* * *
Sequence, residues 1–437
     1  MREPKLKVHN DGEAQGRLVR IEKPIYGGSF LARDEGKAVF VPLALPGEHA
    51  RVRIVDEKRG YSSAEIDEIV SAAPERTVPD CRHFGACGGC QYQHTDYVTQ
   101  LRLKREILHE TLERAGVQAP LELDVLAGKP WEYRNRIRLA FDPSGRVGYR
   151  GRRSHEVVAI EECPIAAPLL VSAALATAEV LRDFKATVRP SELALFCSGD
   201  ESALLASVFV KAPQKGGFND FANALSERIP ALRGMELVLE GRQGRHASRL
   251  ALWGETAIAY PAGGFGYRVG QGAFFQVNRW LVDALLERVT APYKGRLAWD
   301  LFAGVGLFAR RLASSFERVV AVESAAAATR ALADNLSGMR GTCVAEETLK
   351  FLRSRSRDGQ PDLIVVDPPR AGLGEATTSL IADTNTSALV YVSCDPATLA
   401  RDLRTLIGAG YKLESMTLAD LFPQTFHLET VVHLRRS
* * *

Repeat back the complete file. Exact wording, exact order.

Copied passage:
Sequence, residues 1–437
     1  MREPKLKVHN DGEAQGRLVR IEKPIYGGSF LARDEGKAVF VPLALPGEHA
    51  RVRIVDEKRG YSSAEIDEIV SAAPERTVPD CRHFGACGGC QYQHTDYVTQ
   101  LRLKREILHE TLERAGVQAP LELDVLAGKP WEYRNRIRLA FDPSGRVGYR
   151  GRRSHEVVAI EECPIAAPLL VSAALATAEV LRDFKATVRP SELALFCSGD
   201  ESALLASVFV KAPQKGGFND FANALSERIP ALRGMELVLE GRQGRHASRL
   251  ALWGETAIAY PAGGFGYRVG QGAFFQVNRW LVDALLERVT APYKGRLAWD
   301  LFAGVGLFAR RLASSFERVV AVESAAAATR ALADNLSGMR GTCVAEETLK
   351  FLRSRSRDGQ PDLIVVDPPR AGLGEATTSL IADTNTSALV YVSCDPATLA
   401  RDLRTLIGAG YKLESMTLAD LFPQTFHLET VVHLRRS